Thursday, January 28, 2010

Apply to Be a Summer Vol or Program Director!

Passionate about serving underprivileged international communities? Love the Spanish language and want to improve your grasp of it? Interested in children's education, teaching English, business development, nutrition, and/or sports & exercise? Want to take the lead in running, and even creating, service and development initiatives? Come serve abroad with Manna in Nicaragua, Ecuador, and possibly help start a new site in Guatemala!

College senior looking for something different before graduate school or the workforce? Apply for a 13-month Program Director position!

Still in school and looking for an enlightening and fulfilling summer opportunity? MPI Nicaragua and Ecuador take one- and two-month summer volunteers to assist with programs and to learn our communities and countries of focus.

Visit and APPLY NOW!

Monday, January 25, 2010


Thanks to the efforts of all our supporters, Manna Project was among the top 100 vote-getters in the Chase Community Giving competition. MPI will receive $25,000 from Chase Bank. $5,000 will be allocated to each site's programs. Here in Nicaragua, that money will, among other things, go to the purchase of teaching English as a foreign language books, workbooks, and teaching guides so that we may standardize the material in and quicken progress through our multiple levels of English classes. Some of the money will also go toward the $24,000 needed to keep Casa Base de Salud community clinic in La Chureca open. The remaining $15,000 will go to operating costs, which are often difficult to fundraise for but essential to Manna's continuation.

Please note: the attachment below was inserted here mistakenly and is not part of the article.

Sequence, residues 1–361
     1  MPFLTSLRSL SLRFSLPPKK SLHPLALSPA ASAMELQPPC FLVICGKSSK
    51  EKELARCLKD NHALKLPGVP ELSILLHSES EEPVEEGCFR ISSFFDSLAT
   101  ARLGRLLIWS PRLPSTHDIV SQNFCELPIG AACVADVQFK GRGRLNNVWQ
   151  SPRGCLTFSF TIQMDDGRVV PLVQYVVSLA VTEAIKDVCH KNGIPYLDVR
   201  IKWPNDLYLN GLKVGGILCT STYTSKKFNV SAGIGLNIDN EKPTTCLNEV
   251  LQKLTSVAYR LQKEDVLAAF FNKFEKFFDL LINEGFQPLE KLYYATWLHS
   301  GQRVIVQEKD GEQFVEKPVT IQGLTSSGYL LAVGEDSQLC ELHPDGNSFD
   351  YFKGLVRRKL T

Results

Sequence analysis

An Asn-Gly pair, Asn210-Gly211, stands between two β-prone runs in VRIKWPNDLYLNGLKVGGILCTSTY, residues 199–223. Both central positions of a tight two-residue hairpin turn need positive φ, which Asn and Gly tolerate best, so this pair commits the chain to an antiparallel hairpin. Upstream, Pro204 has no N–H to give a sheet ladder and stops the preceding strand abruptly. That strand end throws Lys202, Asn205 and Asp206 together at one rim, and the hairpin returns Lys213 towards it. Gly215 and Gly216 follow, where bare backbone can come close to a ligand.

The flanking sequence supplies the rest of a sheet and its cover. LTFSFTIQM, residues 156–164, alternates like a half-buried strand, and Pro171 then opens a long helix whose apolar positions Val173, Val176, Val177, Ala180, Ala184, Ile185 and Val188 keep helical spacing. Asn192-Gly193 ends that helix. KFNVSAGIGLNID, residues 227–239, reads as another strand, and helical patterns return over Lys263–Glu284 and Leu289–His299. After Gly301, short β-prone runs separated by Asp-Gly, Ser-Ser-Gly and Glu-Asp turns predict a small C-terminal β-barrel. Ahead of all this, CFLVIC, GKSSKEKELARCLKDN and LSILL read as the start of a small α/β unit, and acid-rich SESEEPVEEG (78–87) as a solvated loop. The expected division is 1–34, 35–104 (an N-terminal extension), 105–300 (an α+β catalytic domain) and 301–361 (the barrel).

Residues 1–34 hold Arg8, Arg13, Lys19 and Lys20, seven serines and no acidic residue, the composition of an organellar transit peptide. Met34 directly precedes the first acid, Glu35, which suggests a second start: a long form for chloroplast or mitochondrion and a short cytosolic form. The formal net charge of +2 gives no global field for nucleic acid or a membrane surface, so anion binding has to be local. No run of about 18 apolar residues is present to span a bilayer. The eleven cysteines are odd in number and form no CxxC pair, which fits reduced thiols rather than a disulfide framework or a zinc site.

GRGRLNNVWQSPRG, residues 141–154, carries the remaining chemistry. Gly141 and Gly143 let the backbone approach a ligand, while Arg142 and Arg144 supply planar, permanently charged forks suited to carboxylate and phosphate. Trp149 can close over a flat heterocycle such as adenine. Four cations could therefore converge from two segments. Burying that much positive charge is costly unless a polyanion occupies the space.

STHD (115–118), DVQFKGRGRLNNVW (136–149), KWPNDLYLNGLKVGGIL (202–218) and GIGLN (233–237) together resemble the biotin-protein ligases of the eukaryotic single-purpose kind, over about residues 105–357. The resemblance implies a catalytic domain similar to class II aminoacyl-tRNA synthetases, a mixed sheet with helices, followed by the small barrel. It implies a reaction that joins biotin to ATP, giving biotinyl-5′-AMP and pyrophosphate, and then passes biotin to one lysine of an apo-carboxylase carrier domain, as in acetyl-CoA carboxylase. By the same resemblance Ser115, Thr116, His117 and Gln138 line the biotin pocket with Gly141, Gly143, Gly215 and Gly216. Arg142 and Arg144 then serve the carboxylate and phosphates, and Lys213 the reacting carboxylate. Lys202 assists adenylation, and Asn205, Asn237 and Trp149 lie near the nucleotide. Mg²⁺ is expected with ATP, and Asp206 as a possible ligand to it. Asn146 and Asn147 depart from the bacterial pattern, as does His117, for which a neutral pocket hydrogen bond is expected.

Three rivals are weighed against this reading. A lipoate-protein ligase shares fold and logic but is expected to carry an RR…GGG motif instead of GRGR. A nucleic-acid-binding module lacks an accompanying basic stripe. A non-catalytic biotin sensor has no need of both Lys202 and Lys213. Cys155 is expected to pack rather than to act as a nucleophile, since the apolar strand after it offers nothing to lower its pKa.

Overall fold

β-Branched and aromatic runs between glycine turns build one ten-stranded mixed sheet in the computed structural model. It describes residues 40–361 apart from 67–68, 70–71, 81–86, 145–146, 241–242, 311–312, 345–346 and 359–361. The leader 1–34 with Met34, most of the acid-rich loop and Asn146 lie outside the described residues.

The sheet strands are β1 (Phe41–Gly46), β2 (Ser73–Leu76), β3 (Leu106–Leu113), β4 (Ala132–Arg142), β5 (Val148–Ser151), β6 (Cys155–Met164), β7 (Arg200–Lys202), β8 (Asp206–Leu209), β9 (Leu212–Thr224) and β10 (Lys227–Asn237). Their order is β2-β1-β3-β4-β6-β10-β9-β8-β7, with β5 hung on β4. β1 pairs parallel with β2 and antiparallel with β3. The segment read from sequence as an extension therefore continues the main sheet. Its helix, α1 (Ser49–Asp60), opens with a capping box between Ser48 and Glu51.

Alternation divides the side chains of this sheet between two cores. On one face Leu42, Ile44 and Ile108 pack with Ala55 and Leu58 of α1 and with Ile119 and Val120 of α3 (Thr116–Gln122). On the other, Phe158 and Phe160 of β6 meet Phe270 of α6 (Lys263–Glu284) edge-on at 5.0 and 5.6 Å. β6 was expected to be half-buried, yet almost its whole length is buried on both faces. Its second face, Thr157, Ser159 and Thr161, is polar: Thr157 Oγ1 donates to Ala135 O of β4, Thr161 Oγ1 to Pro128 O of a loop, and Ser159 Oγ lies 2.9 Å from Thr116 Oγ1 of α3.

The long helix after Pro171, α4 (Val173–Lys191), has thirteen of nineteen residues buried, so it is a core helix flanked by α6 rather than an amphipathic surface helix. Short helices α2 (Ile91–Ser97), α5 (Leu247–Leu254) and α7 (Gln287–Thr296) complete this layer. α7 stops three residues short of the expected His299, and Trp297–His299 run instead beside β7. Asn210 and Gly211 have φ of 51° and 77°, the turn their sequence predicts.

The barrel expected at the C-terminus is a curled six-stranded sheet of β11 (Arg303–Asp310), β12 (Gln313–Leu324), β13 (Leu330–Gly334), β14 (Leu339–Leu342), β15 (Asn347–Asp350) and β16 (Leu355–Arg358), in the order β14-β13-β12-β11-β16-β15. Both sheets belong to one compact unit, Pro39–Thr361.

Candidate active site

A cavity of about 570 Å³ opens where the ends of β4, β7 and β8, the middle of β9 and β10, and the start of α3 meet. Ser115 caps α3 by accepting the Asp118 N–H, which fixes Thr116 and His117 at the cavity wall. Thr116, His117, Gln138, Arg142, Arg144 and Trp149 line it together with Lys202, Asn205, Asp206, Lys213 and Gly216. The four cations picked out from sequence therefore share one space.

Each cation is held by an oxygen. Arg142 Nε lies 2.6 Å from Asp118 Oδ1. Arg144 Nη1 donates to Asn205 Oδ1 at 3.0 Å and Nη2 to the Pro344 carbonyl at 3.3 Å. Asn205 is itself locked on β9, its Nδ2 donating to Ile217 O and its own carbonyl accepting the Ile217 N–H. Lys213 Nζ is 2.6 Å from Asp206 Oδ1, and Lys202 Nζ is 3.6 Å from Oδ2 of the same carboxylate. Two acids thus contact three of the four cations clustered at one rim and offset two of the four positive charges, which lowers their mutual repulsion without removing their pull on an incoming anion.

We at Manna owe a huge thank you to Chase Bank, but especially to all of you who took the time to vote for us in the Chase Community Giving competition.

Thursday, January 14, 2010

Returning to Nicaragua - Six Months In

After a three-week holiday break, MPI Nicaragua's Program Directors (PDs) have returned to the Manna house. Returning to a place that is at once foreign and familiar has been a surreal experience. By now, we are accustomed to dodging ox carts, potholes, and horses on the highway. Here, it is completely normal to be offered a duck for 20 córdobas ($1) while waiting at a red light. It is also accepted to ignore those lights when convenient.

Six months in, we know that no explanation is necessary when you don't feel a stoplight clown or windshield wash is deserving of a cookie or a few cents; a smile and a joke will do just fine. We know that no offense is meant by a public observation of weight gained or the shade of your skin, and that none is taken when the answer to a request is "no."

When your instinct is to feel you and your country are judged when you deny a dollar to someone who begs it, you may be called "pinche," or stingy, but follow with a high-five and a laugh and you will find it reciprocated. When a family appears intimidating, know that they would gladly welcome you into their home and offer you the national dish and drink of gallo pinto and pinolillo. If you are fortunate enough one day to find yourself in Nicaragua, save a bit a mental stress and trust in the frankness, the humor, the resilience, and the kindness of its people.